System designed to lower student drop outs to launch near midterm

UK has begun setting up a new system designed to boost retention rates by improving how faculty and staff communicate about advising students.

A new online system the university plans to launch this semester will update students’ advisers as soon as they become at risk of dropping out.

“When we see that students are at risk, instead of finding out about it later and screaming about the numbers, we can become more personal and much more appropriate,” said Randolph Hollingsworth, assistant provost for integrated academic services.

The system will work to improve UK’s Early Alert System, which is used to notify advisers if students are in danger of dropping out of school. Currently, to submit an early alert, instructors must fill out an online form. The form is then delivered to the student’s adviser, who requests a meeting with the student.

Since its launch last semester, Hollingsworth said the Early Alert System was used to file 3,000 referrals, which she hopes increases with more coordination.

The new program will be compatible with myUK and will require no training for employees when it is launched around the middle of the semester, Hollingsworth said.

UK currently has about 27,000 students. Last year, the university had a 59 percent six-year undergraduate graduation rate.

To raise the number of students who stay at UK, the president and provost announced a “War on Student Attrition” in June, a $35 million effort. Hollingsworth said she believes the new software will aid the effort by keeping students from dropping out.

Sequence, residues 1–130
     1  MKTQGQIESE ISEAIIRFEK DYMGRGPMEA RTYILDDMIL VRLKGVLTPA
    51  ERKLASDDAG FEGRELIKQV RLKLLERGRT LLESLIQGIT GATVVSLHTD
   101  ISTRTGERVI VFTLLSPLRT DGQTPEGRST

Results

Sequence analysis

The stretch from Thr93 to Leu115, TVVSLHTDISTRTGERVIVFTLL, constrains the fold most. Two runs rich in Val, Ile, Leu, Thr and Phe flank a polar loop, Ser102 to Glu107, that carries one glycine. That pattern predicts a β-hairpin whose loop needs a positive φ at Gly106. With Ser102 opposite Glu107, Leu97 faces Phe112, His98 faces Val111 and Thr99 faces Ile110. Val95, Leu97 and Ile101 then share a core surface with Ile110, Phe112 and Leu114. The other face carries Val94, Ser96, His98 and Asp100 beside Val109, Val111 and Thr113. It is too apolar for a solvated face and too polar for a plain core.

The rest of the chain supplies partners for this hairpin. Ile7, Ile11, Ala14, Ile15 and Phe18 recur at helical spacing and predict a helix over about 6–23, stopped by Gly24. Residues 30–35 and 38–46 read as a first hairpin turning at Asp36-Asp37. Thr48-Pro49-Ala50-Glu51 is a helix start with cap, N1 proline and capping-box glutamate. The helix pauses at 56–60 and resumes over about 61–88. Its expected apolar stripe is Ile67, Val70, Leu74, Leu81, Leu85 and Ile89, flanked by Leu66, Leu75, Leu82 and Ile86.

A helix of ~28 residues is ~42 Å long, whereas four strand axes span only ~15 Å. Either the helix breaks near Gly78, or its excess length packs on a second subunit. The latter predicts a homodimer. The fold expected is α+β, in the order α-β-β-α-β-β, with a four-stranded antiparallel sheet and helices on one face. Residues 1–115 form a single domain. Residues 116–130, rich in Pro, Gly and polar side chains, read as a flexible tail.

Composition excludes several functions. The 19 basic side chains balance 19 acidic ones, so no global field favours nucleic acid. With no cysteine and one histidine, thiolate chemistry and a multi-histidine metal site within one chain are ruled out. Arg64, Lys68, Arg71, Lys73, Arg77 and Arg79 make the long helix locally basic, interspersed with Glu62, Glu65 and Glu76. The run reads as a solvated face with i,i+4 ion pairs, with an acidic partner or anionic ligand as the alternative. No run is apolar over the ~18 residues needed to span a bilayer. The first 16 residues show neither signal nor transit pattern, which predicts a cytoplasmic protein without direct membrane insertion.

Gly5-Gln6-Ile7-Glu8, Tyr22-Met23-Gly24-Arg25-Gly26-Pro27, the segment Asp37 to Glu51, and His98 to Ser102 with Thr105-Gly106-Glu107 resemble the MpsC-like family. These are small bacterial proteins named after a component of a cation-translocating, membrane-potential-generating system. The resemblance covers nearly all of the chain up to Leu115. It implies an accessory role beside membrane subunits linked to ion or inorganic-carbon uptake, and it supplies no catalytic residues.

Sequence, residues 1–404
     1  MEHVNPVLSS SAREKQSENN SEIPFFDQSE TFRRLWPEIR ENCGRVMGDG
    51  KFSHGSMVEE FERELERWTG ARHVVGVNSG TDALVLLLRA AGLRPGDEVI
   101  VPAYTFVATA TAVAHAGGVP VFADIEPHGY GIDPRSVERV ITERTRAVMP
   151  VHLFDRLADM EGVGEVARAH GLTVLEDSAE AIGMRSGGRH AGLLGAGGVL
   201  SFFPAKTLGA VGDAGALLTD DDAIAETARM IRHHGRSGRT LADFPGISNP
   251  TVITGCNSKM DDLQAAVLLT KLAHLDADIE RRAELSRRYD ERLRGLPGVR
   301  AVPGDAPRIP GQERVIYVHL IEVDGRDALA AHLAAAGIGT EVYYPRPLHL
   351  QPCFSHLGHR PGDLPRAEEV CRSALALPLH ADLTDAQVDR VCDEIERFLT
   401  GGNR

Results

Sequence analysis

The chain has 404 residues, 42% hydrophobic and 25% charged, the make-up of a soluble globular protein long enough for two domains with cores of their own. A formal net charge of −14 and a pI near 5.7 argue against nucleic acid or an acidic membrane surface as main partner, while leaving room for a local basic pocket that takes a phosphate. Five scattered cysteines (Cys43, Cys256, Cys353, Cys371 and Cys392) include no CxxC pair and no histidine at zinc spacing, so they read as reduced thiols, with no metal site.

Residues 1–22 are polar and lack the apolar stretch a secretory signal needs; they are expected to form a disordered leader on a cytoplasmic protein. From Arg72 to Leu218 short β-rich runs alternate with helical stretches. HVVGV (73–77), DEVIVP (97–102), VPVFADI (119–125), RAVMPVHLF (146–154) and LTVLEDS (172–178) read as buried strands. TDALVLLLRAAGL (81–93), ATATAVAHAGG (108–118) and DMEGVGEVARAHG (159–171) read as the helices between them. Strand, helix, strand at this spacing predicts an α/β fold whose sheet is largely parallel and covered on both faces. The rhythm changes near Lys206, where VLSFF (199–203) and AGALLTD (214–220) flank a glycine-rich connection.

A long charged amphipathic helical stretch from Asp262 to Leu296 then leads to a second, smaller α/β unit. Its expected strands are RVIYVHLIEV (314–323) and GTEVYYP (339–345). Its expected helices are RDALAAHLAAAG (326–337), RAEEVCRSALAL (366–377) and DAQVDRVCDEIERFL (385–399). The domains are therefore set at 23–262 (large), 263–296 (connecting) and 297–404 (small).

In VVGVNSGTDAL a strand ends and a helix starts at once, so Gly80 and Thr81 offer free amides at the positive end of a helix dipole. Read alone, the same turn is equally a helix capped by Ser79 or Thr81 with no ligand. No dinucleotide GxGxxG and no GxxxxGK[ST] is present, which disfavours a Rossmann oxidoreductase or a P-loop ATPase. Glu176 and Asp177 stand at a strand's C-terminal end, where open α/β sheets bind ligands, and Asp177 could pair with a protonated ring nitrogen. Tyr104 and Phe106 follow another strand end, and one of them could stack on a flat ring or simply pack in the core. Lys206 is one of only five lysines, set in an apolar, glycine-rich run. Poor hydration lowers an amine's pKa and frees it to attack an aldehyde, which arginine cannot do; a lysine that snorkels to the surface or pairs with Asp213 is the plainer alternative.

“Our information shows that if we get a student right when they need it, it helps with the attrition rates,” she said.

UK bought a four-year contract with Hobsons Student Retention Solutions for the system, costing about $28,650 per year including maintenance and with an installation fee of about $24,000, according to the company.

Although UK recently learned of a $10 million state budget cut for the fiscal year ending in June, the proposal for the attrition program was approved in December and will go through as planned, Hollingsworth said.

The new program will make communication more efficient, said Sara Snyder, marketing communications director with Hobsons Student Retention Solutions.

“Before, retention efforts were pretty scattered,” Snyder said. “If a student might try to register with the bursar’s office, admissions might not know that.”

Hobsons is “just now forming,” Snyder said, and UK is one of the first large, state schools the company has had as a client. The student retention program that UK purchased is modeled after the program used at smaller schools, but Snyder said her company does not anticipate many problems.

“It’s not that UK is going in with an untested solution,” Snyder said. “You’re just one of the bigger schools.”